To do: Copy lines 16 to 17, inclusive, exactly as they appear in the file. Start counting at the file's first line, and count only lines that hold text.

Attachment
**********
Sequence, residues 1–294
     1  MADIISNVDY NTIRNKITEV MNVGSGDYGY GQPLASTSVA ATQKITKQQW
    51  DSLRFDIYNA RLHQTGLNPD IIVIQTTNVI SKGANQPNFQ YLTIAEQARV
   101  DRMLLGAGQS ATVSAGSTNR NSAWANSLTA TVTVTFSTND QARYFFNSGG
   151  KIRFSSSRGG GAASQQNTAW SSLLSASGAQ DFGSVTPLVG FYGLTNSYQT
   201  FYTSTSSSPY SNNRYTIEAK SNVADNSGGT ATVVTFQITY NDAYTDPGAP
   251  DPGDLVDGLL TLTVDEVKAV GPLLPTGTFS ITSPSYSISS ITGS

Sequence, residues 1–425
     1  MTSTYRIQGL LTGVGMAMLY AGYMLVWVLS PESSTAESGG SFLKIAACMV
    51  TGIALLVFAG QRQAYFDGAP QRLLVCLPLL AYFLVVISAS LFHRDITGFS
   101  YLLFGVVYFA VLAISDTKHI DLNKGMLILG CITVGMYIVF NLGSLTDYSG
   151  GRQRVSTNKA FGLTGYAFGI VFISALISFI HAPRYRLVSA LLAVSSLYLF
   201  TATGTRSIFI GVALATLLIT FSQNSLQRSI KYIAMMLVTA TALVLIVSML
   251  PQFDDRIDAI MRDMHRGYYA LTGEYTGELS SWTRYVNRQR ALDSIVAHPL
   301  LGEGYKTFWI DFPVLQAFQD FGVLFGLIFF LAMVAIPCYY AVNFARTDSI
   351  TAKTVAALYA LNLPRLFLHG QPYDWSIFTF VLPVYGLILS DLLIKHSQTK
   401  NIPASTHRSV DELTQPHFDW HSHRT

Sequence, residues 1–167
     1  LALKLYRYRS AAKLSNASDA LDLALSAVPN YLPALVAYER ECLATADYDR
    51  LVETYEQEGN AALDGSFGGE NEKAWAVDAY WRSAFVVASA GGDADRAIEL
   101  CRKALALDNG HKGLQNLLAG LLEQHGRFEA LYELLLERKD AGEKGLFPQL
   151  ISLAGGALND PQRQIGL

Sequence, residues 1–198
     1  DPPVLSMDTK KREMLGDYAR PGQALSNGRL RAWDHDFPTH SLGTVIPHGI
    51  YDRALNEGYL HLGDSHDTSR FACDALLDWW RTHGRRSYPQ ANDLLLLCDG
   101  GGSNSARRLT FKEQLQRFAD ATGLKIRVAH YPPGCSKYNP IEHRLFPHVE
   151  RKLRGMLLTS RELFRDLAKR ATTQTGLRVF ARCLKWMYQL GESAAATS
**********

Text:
   351  TAKTVAALYA LNLPRLFLHG QPYDWSIFTF VLPVYGLILS DLLIKHSQTK
   401  NIPASTHRSV DELTQPHFDW HSHRT